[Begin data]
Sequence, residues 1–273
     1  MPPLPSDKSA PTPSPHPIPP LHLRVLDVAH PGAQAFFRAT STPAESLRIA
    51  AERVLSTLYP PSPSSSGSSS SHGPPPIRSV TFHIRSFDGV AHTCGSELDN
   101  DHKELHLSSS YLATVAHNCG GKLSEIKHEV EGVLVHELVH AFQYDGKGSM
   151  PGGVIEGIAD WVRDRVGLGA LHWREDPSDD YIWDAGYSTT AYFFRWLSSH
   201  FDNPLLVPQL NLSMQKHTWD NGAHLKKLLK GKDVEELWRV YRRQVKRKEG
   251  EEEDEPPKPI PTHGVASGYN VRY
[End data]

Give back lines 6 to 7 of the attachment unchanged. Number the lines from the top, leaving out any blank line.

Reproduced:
   201  FDNPLLVPQL NLSMQKHTWD NGAHLKKLLK GKDVEELWRV YRRQVKRKEG
   251  EEEDEPPKPI PTHGVASGYN VRY